IL-21 Is an Antitolerogenic Cytokine of the Late-Phase Alloimmune Response
- Alessandra Petrelli1,2,
- Michele Carvello3,4,
- Andrea Vergani1,2,
- Kang Mi Lee3,
- Sara Tezza1,
- Ming Du5,
- Sonja Kleffel1,
- Liu Chengwen6,
- Bechara G. Mfarrej1,
- Patrick Hwu6,
- Antonio Secchi2,
- Warren J. Leonard7,
- Deborah Young8,
- Mohamed H. Sayegh1,
- James F. Markmann3,
- Allan J. Zajac5 and
- Paolo Fiorina1,2⇓
- 1Transplantation Research Center, Children’s Hospital, Harvard Medical School, Boston, Massachusetts
- 2Department of Medicine, San Raffaele Scientific Institute, Milan, Italy
- 3Transplant Surgery, Massachusetts General Hospital, Harvard Medical School, Boston, Massachusetts
- 4Gastrointestinal Surgery, San Raffaele Scientific Institute, Milan, Italy
- 5Department of Microbiology, University of Alabama at Birmingham, Birmingham, Alabama
- 6Department of Melanoma Medical Oncology, Center for Cancer Immunology Research, University of Texas M.D. Anderson Cancer Center, Houston, Texas
- 7Laboratory of Molecular Immunology, National Heart, Lung, and Blood Institute, National Institutes of Health, Bethesda, Maryland
- 8Immunology and Inflammation, Pfizer, Cambridge, Massachusetts
- Corresponding author: Paolo Fiorina, .
OBJECTIVE Interleukin-21 (IL-21) is a proinflammatory cytokine that has been shown to affect Treg/Teff balance. However, the mechanism by which IL-21 orchestrates alloimmune response and interplays with Tregs is still unclear.
RESEARCH DESIGN AND METHODS The interplay between IL-21/IL-21R signaling, FoxP3 expression, and Treg survival and function was evaluated in vitro in immunologically relevant assays and in vivo in allogenic and autoimmune models of islet transplantation.
RESULTS IL-21R expression decreases on T cells and B cells in vitro and increases in the graft in vivo, while IL-21 levels increase in vitro and in vivo during anti-CD3/anti-CD28 stimulation/allostimulation in the late phase of the alloimmune response. In vitro, IL-21/IL-21R signaling (by using rmIL-21 or genetically modified CD4+ T cells [IL-21 pOrf plasmid–treated or hIL-21-Tg mice]) enhances the T-cell response during anti-CD3/anti-CD28 stimulation/allostimulation, prevents Treg generation, inhibits Treg function, induces Treg apoptosis, and reduces FoxP3 and FoxP3-dependent gene transcripts without affecting FoxP3 methylation status. In vivo targeting of IL-21/IL-21R expands intragraft and peripheral Tregs, promotes Treg neogenesis, and regulates the antidonor immune response, whereas IL-21/IL-21R signaling in Doxa-inducible ROSA-rtTA-IL-21-Tg mice expands Teffs and FoxP3− cells. Treatment with a combination of mIL-21R.Fc and CTLA4-Ig (an inhibitor of the early alloimmune response) leads to robust graft tolerance in a purely alloimmune setting and prolonged islet graft survival in NOD mice.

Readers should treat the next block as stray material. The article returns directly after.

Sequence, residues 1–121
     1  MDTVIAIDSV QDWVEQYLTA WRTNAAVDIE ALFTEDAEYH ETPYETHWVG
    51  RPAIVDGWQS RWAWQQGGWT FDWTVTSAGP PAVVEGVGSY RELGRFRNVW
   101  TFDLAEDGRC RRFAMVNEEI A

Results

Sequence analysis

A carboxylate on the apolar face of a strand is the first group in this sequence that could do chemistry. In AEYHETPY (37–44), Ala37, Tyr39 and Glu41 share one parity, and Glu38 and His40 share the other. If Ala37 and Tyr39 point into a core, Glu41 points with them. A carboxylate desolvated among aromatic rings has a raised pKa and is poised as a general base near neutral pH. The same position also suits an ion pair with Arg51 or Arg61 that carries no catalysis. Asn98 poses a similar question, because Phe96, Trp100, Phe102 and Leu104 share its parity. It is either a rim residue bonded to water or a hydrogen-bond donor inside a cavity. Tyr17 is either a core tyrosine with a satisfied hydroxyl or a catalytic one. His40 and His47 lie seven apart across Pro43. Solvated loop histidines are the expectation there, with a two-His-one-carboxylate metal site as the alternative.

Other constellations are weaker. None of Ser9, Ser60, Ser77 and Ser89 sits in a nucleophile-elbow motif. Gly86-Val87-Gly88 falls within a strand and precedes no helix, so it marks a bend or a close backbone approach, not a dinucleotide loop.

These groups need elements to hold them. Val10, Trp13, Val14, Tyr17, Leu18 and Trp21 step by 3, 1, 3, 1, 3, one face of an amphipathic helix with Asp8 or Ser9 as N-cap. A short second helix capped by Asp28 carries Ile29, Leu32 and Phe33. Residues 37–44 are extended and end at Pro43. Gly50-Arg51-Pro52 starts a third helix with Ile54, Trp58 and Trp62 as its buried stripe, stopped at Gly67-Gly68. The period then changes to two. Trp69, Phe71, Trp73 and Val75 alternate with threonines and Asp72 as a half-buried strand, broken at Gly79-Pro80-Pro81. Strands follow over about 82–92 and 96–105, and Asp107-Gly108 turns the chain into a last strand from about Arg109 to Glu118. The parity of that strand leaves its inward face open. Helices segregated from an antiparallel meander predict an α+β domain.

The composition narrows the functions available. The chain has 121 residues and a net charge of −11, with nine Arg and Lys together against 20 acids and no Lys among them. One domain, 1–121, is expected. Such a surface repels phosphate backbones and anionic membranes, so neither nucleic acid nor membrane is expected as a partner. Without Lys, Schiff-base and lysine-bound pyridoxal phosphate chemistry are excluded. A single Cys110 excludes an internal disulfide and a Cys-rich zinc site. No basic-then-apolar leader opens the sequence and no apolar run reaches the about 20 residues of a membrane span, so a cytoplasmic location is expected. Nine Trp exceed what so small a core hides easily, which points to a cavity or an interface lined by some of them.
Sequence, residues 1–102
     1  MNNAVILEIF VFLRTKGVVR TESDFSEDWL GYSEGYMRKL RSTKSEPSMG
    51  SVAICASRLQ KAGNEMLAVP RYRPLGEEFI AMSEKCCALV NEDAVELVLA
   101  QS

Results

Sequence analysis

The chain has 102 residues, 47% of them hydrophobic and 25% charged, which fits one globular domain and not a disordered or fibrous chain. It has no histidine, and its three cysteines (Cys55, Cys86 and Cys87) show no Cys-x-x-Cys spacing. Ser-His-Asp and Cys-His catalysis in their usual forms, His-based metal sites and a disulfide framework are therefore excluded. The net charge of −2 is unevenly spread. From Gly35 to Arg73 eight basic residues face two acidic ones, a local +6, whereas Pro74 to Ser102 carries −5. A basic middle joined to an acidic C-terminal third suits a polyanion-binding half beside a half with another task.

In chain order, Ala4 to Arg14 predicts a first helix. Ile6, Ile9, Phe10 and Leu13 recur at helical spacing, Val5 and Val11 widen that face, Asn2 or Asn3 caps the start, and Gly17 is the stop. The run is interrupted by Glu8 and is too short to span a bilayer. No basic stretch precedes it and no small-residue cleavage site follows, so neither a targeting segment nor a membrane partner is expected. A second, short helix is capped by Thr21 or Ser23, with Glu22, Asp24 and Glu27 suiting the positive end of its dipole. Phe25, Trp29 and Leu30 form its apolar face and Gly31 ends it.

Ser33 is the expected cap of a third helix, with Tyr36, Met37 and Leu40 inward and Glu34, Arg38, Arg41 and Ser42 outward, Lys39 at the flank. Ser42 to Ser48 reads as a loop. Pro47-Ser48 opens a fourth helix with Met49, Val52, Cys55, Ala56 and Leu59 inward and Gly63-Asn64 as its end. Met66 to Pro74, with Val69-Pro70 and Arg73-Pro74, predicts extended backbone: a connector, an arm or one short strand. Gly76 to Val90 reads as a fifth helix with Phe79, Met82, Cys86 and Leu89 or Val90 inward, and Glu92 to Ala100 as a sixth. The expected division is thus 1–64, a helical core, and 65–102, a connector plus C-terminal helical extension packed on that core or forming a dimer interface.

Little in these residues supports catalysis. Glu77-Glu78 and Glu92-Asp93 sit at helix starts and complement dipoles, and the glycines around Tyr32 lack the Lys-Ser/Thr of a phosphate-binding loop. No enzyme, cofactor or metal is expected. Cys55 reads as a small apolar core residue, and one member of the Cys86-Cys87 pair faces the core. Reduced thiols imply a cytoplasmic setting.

CONCLUSIONS IL-21 interferes with different checkpoints of the FoxP3 Treg chain in the late phase of alloimmune response and, thus, acts as an antitolerogenic cytokine. Blockade of the IL-21/IL-21R pathway could be a precondition for tolerogenic protocols in transplantation.
This article contains Supplementary Data online at http://diabetes.diabetesjournals.org/lookup/suppl/doi:10.2337/db11-0880/-/DC1.
- Received June 25, 2011.
- Accepted September 22, 2011.
- © 2011 by the American Diabetes Association.
Readers may use this article as long as the work is properly cited, the use is educational and not for profit, and the work is not altered. See http://creativecommons.org/licenses/by-nc-nd/3.0/ for details.